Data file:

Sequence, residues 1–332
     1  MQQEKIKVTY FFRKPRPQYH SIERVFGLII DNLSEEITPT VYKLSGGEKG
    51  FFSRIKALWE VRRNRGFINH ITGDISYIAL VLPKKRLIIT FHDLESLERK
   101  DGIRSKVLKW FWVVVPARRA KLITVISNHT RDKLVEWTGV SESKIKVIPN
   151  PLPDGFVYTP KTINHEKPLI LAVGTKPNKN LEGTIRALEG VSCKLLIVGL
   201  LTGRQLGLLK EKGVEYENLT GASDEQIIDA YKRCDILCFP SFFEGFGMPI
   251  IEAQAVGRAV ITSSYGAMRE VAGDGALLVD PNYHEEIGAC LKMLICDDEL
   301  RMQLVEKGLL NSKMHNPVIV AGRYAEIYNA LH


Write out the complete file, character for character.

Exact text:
Sequence, residues 1–332
     1  MQQEKIKVTY FFRKPRPQYH SIERVFGLII DNLSEEITPT VYKLSGGEKG
    51  FFSRIKALWE VRRNRGFINH ITGDISYIAL VLPKKRLIIT FHDLESLERK
   101  DGIRSKVLKW FWVVVPARRA KLITVISNHT RDKLVEWTGV SESKIKVIPN
   151  PLPDGFVYTP KTINHEKPLI LAVGTKPNKN LEGTIRALEG VSCKLLIVGL
   201  LTGRQLGLLK EKGVEYENLT GASDEQIIDA YKRCDILCFP SFFEGFGMPI
   251  IEAQAVGRAV ITSSYGAMRE VAGDGALLVD PNYHEEIGAC LKMLICDDEL
   301  RMQLVEKGLL NSKMHNPVIV AGRYAEIYNA LH